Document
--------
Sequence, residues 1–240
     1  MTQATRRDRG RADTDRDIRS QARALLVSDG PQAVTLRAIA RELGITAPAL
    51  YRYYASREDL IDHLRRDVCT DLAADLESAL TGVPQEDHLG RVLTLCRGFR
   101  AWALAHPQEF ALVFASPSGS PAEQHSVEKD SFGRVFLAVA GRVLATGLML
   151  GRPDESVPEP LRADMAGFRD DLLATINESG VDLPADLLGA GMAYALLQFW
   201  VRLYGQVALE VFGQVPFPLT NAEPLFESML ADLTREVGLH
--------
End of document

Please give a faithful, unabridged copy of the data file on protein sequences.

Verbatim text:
Sequence, residues 1–240
     1  MTQATRRDRG RADTDRDIRS QARALLVSDG PQAVTLRAIA RELGITAPAL
    51  YRYYASREDL IDHLRRDVCT DLAADLESAL TGVPQEDHLG RVLTLCRGFR
   101  AWALAHPQEF ALVFASPSGS PAEQHSVEKD SFGRVFLAVA GRVLATGLML
   151  GRPDESVPEP LRADMAGFRD DLLATINESG VDLPADLLGA GMAYALLQFW
   201  VRLYGQVALE VFGQVPFPLT NAEPLFESML ADLTREVGLH